reagu, GM killed EV1 because not only was it costing the company thousands for every car they sold, but the batteries were not only a crash hazard, but were all going to die soon. It's more or less the same scenario for the Volt, but that's because GM doesn't learn.


Ralph Deeds profile image

Ralph Deeds 7 years ago

Hal, Detroit still has plenty to offer--

--Five universities

--A premier design school--Center for Creative Studies

--Hundreds of small machine shops that can make anything from tools to prototypes, to small production runs

--Outstanding hospitals and medical facilities

--A gateway to Windsor (South of Detroit, believe it or not) and Canada

--A port on the Great Lakes waterway

--Lake St. Clair, (the smallest of the Great Lakes) a premier sportsman's lake for Muskie, Perch, Walleye fishing, sailing, and other water sports

A great Symphony Orchestra,and the Detroit Institute of Arts and one of the top Zoos in the country

--And a hardworking, down-to-earth, look you straight-in-the- eye population.

--In addition to the pictures on this hub you could easily add images of the renaissance along the Detroit river, the restored and re-opened Book Cadillac and Ft. Shelby hotels, the Henry Ford Museum and Greenfield Village, Cranbrook Institute, the recently renovated and added-to Detroit Art Institute.

--The Detroit, Red Wings, Pistons, Tigers and Lions


Hal Licino profile image

Hal Licino 7 years ago from Toronto Author

As I stated, I have a great deal of respect and admiration for much of Detroit and its people which I have gained first hand. I lived on the St. Clair shore, thus am well acquainted with this jewel of a lake. However, you can make exactly the same case about Buffalo or Cleveland. They too have similar facilities and sports teams, including NFL (er... however, those teams occasionally win...) :)

The problem is that the hardworking population can't just generate work from its magical hat. The entire southern shore of Lake Erie is a disaster area. Anyone driving from Buffalo to Detroit will not see so much nature and wonder, as they'll see rust and abandoned buildings and depressing rot. I've been awaiting the renaissance since the RenCen was built and I've seen no hint of it, other than a handful of expensive public "cultural" projects that are usually empty. Your city deficit is $300 million. Where is that money going to come from? The same pie in the sky as the rest of the wishful thinking about the Motor City?

We can engage in wishful thinking or we can be logical. Take a look at the Buffalo Bills: The lowest average ticket price in the league at $51, yet they drive an hour north to Toronto and fetch almost 50% more than the highest NFL ticket price, the NE Patriots. Imagine what a "winning" Toronto Lions team would do? Of course, you'd have to ditch the QB who runs himself out of the end zone for a safety. :)

It's politically correct to take a look at the half full part of the Southern Lake Erie Rust Belt and not the half empty. However, when you look carefully, you find that it's barely a quarter full, and that's being waaaaaaaaaaay generous. To advocate the area's long term viability may be pleasant in a gollygeewhillikers manner, but it's entirely unrealistic. It's dead. Let's give it up and move on.


Ralph Deeds profile image

Ralph Deeds 7 years ago

I notice you are from Toronto which is blessed with a more diverse economy and a Metropolitan government which is a big advantage over Detroit which is rigned with tiny little independent municipalities which make it hard to have a rational transit system or other efficient public services. The riots and school integration court decisions led many whites and affluent blacks to flee to the suburbs.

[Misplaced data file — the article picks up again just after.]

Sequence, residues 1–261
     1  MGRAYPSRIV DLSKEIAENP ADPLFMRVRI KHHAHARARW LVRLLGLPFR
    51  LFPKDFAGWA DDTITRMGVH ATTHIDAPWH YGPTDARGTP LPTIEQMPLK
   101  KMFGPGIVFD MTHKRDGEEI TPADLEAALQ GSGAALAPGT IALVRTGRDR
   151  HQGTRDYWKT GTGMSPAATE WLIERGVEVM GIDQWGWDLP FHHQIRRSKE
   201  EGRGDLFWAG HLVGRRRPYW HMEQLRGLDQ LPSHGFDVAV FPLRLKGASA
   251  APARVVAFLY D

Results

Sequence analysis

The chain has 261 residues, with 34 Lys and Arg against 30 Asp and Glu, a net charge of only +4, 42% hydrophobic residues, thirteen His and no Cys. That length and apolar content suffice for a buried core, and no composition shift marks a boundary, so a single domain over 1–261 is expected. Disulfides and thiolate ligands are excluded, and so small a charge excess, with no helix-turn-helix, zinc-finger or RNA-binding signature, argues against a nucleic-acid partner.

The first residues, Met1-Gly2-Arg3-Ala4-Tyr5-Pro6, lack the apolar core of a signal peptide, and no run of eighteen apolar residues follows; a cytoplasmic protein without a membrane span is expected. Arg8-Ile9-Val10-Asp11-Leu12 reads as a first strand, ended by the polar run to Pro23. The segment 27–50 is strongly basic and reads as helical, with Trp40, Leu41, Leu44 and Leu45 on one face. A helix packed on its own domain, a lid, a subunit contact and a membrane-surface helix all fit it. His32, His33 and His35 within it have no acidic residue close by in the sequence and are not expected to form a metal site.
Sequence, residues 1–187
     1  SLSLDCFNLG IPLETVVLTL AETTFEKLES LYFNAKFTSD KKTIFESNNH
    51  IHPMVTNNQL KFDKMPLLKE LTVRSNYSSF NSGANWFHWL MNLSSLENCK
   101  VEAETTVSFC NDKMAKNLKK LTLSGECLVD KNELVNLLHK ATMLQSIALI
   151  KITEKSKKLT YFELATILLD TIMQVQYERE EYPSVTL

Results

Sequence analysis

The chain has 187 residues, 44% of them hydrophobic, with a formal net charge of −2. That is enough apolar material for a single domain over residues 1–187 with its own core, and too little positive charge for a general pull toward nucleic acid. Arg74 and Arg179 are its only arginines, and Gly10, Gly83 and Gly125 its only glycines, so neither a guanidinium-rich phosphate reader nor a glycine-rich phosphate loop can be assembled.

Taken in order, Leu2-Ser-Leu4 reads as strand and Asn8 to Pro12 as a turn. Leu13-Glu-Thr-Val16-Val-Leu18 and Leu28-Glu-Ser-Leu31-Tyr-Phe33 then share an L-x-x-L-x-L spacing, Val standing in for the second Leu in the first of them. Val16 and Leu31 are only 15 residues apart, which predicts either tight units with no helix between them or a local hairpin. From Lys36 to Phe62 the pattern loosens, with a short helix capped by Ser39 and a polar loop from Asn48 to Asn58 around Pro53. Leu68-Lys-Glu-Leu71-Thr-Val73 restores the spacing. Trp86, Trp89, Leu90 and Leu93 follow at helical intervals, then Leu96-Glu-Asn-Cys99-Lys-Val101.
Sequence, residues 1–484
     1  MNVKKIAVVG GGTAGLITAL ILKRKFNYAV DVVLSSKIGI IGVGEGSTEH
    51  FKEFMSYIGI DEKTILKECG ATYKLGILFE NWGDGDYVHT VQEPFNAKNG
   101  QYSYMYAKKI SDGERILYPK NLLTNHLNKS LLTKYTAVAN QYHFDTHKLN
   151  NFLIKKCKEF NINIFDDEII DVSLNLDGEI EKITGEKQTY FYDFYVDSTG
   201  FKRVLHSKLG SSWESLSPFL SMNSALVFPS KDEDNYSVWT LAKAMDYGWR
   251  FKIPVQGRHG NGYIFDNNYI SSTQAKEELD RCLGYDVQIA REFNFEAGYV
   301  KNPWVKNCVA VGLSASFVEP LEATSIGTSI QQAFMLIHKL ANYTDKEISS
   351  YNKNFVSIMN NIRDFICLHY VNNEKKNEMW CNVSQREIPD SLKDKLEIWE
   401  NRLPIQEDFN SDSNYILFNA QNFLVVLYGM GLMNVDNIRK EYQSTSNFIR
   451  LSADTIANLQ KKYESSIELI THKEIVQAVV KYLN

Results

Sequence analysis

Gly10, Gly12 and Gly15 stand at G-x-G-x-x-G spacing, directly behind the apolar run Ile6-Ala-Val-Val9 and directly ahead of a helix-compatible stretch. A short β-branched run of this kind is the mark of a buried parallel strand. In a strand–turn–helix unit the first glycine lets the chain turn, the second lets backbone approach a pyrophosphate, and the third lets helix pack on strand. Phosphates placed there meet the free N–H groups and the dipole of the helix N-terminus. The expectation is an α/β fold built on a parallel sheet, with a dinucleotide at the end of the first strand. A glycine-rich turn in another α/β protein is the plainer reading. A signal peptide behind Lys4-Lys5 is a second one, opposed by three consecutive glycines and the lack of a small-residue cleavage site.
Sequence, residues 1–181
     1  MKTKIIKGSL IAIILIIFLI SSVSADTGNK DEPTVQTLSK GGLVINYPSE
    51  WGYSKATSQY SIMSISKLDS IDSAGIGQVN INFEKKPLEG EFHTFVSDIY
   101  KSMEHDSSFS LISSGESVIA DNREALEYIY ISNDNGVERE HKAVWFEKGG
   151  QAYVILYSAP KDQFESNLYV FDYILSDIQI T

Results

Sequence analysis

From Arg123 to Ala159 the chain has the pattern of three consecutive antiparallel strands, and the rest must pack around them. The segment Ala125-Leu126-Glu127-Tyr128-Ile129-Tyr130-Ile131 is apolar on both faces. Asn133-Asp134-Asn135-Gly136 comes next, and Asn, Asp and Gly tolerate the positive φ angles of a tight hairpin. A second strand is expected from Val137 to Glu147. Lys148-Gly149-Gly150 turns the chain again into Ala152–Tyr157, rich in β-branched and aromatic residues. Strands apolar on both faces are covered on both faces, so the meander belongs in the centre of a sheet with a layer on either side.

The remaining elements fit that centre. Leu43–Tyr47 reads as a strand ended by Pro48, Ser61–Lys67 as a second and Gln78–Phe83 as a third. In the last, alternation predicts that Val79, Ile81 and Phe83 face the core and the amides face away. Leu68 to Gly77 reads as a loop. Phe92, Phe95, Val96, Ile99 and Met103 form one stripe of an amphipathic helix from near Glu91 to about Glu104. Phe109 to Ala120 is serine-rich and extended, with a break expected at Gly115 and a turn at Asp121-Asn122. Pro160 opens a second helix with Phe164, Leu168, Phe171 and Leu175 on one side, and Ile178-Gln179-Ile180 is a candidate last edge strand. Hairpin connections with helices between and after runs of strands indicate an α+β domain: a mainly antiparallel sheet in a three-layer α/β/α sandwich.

Another plus for Detroit is that it's more or less equidistant from Chicago and Toronto, an easy weekend trip to either. As you know Toronto is an easy drive from Detroit or, for a change, a nice train ride.

I must say that your obit for Detroit is a bit premature, however. It needs to shrink a bit more, and then. like the Phoenix will rise from its ashes. It's a very "can do" place.


Hal Licino profile image

Hal Licino 7 years ago from Toronto Author

Actually I haven't lived in Toronto for years, but I keep that city on my profile as it keeps the crazy death threat fatwa CPU lapper morons confused. I have no love lost for Toronto, but it could be administered by a municipal council of trained chimps and that still wouldn't begin to dampen its economic vitality. Toronto has an amazingly diversified economy and although the collapse of the Big Three would have an effect, it would likely be only localized to the far suburbs of Oakville and Oshawa. The rest of the city likely would barely notice. Although it is not going to be immune to a worldwide recession/depression, it will likely still be able to maintain its standard of living to a far greater extent than the vast majority of North American cities. Again, I'm not a fan of Toronto by any stretch of the imagination, but comparing Toronto with its American counterparts on Lake Erie is a bit like comparing Warren Buffet with Brunch Buffet. :)


Ralph Deeds profile image

Ralph Deeds 7 years ago

Toronto compares favorably with Chicago. My intention was not to compare Toronto with Detroit. Chicago and Toronto both have significant advantages over Detroit, economic diversification, among others. Chrysler will collapse; smallerized versions of Ford and GM will survive in my opinion.


Hal Licino profile image

Hal Licino 7 years ago from Toronto Author

... and I truly do hope that the people of Detroit find some way to create a market niche for themselves so that they may prosper in the future. They certainly deserve it. Best wishes to all Detroiters!


Doubtful 5 years ago

No one cares anymore about detroit? The people are "poor and stupid" quoted from another article. The only good detroit had were the big automobile companies..who made crap cars. Nothing else is there except poor black people on welfare. Have you seen those monkees on "hardcore pawn"? They dont even deserve to live